Department of Internal Medicine, “Cardarelli” Hospital. Naples, Italy
Autoimmune Diseases; Biological Markers; Diagnosis, Differential; Epidemiology
IgG4+MOLPS: IgG4-positive multiorgan lymphoproliferative syndrome; IgG4-RSC: IgG4-related sclerosing disease
Autoimmune pancreatitis is a relatively uncommon, non-alcohol-related form of chronic pancreatitis which has received increasing attention in recent years. In fact, autoimmune pancreatitis represents a “hot topic” in pancreatology, as witnessed by the many reports and extensive recently published reviews [1, 2, 3, 4, 5, 6]. The first report of the disease which dates back to 1961 documented patients who suffered from chronic inflammatory sclerosis of the pancreas associated with hypergammaglobulinemia , even if the possibility of an autoimmune mechanism in the pathogenesis of chronic pancreatitis had been already stressed in 1959 . After three decades of single case reports of only limited series of patients with non-alcoholic chronic pancreatitis predominantly associated with chronic inflammatory bowel diseases or sclerosing cholangitis, in 1991, Kawaguchi et al.  gave the first detailed description of this special type of pancreatitis and called it “lymphoplasmacytic sclerosing pancreatitis”. In 1995, Yoshida et al., reporting a relatively large series from Japan, coined the term autoimmune pancreatitis . Autoimmune pancreatitis is currently recognized as a distinct clinical entity worldwide, identified as a chronic inflammatory condition of the pancreas in which an autoimmune mechanism is involved [6, 11]. High serum IgG4 concentrations have been identified as its distinguishing characteristic and as a marker of autoimmunity as well as of disease activity . The presence of concomitant disorders in other organs together with autoimmune pancreatitis was mainly intended as the proof that the spectrum disease of the pancreas was comparable to that of the bile ducts, liver, colon or salivary glands . Recently, Kamisawa et al.  have proposed a novel clinicopathological entity, named “IgG4-related sclerosing disease” (IgG4-RSC) which was based on the histological and immunohistochemical examination of various organs of patients affected by autoimmune pancreatitis. This systemic disease may present different clinical manifestations related to the frequent involvement not only of the pancreas (autoimmune pancreatitis), but also of the bile duct (sclerosing cholangitis, cholecystitis), the salivary gland (sialoadenitis), the retroperitoneum (fibrosis), the kidney (tubulointerstitial nephritis), the lung (interstitial pneumonia), the prostate (prostatitis) and the lymphnodes (lymphadenopathy). Extensive IgG4- positive plasma-cells and T-lymphocyte infiltration of various organs constitutes a common characteristics of this disease. Most of the affected patients present autoimmune pancreatitis at the moment of diagnosis, but pancreatic involvement can be absent ; in general, more than two organs are affected, but it is possible to find it in only one of them. The disease occurs more frequently in older men and responds well to corticosteroid treatment. Beginning with the analysis of Japanese patients with IgG4-related disorders, Masaoki et al.  have very recently proposed an extension of the IgG4-RSC syndromic complex into a new clinical entity characterized by hyper-IgG4 gammaglobulinemia and IgG4-positive plasma-cell infiltration into the tissue, this being considered an expression of a lymphoproliferative disease (“IgG4- positive multiorgan lymphoproliferative syndrome”; IgG4+MOLPS). In addition to the pathologies considered within the IgG4-RSC group, this syndrome also includes Mikulicz’s disease, Küttner’s tumors, inflammatory pseudotumors (of the lung, liver, and breast), mediastinal fibrosis and autoimmune hypophysitis. IgG4+MOLPS should be differentiated from Sjögren’s syndrome, which presents a similar organ distribution but different clinicalepidemiological- histopathological features and a different autoantibody pattern. Other rare conditions such as multicentric Castelman’s disease and idiopathic plasmacytic lymphoadenopathy should also be considered in differential diagnosis.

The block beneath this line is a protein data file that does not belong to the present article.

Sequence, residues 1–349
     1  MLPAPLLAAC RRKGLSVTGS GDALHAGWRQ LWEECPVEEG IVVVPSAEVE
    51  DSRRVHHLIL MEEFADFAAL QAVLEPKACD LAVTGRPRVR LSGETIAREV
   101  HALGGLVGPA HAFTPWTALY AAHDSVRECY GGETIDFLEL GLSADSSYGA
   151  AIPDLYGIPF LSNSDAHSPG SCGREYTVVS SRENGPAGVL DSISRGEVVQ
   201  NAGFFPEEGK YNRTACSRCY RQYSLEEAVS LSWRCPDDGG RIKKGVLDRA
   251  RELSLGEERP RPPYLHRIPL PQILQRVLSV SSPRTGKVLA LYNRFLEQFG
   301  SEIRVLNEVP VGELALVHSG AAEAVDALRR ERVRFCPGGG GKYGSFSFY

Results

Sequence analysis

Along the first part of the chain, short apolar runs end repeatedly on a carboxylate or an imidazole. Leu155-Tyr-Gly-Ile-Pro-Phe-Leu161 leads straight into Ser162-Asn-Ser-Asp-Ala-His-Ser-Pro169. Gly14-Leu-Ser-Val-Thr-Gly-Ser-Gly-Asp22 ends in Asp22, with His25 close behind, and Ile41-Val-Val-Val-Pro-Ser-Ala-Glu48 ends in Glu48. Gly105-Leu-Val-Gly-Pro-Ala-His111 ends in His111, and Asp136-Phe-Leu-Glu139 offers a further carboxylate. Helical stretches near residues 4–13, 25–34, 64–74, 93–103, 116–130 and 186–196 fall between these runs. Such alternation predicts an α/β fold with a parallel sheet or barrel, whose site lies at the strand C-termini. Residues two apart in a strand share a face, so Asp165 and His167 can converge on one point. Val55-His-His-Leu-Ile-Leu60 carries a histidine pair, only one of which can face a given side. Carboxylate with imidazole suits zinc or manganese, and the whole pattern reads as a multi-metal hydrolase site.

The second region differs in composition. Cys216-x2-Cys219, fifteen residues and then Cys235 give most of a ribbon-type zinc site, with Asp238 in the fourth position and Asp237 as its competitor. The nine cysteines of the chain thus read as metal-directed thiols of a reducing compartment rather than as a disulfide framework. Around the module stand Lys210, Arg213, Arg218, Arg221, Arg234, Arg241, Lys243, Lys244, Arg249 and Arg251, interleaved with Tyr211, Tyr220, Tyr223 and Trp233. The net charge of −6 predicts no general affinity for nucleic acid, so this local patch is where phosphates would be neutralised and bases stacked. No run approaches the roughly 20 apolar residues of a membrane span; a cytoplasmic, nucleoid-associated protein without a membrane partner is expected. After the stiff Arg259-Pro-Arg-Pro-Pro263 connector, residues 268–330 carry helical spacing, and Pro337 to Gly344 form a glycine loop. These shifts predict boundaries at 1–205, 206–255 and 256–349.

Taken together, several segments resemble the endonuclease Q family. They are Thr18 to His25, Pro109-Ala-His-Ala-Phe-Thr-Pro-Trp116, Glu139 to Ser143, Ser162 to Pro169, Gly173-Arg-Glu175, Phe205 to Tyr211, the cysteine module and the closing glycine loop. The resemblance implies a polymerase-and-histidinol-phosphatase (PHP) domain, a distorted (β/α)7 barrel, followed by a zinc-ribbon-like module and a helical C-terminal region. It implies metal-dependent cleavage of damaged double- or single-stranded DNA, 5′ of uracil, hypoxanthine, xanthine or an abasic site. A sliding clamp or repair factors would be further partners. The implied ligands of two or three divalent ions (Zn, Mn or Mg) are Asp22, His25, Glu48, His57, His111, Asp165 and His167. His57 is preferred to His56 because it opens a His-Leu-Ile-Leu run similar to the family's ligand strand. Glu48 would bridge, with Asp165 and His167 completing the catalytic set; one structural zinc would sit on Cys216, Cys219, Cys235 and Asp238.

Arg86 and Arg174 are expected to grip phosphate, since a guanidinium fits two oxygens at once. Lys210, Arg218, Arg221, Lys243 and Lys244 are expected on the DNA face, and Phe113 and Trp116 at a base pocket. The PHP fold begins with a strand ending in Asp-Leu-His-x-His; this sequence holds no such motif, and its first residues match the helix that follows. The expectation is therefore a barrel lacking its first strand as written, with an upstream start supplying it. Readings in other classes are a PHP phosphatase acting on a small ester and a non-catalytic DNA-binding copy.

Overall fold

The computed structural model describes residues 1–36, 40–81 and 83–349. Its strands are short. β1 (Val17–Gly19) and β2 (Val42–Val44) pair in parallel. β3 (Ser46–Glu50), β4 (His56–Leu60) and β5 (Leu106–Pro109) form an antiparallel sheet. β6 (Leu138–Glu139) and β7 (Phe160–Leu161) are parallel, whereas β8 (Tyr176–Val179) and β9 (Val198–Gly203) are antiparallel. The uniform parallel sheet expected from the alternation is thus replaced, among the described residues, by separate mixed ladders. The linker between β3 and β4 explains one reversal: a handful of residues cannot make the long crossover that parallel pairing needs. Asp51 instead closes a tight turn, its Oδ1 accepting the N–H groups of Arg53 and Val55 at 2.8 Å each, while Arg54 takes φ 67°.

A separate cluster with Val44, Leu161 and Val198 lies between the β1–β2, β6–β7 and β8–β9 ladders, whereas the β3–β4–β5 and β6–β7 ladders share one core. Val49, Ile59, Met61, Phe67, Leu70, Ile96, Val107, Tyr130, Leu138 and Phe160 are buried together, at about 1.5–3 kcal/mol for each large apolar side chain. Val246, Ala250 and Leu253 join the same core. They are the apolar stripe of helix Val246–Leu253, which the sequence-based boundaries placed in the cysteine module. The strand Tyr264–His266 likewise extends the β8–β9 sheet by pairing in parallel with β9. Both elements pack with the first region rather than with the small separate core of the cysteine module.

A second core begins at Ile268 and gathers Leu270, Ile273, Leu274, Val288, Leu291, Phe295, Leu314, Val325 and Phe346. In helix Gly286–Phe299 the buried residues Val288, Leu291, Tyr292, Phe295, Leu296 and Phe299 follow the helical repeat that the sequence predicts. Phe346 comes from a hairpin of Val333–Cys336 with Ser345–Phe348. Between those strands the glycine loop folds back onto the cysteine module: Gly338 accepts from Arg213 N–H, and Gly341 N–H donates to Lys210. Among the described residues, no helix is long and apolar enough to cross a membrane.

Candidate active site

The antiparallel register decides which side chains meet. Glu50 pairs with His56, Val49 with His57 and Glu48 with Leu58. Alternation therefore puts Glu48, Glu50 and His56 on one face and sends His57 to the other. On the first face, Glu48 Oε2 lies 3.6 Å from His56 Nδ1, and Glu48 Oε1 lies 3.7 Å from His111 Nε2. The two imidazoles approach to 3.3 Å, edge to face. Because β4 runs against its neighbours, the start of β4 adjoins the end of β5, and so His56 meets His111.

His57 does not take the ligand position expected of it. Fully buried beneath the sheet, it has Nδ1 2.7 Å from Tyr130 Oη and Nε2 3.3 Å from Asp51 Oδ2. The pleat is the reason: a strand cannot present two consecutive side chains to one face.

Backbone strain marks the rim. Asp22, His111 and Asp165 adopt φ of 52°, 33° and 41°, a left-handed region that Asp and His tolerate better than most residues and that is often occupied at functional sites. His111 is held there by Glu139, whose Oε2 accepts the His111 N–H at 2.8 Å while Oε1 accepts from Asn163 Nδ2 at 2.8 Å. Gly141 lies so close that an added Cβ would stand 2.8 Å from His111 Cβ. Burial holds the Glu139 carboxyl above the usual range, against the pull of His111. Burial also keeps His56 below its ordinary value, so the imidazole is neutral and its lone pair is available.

These recent papers, based on solid epidemiological, clinical and histopathological features, raise strongly doubts as to autoimmune pancreatitis being considered an autonomous entity and support its classification as a single entity within a multiorgan syndromic complex. At the moment, this working hypothesis may be considered well-grounded only in Eastern populations; studies from Western countries are necessary to confirm this fascinating scenario.
The author has no potential conflicts of interest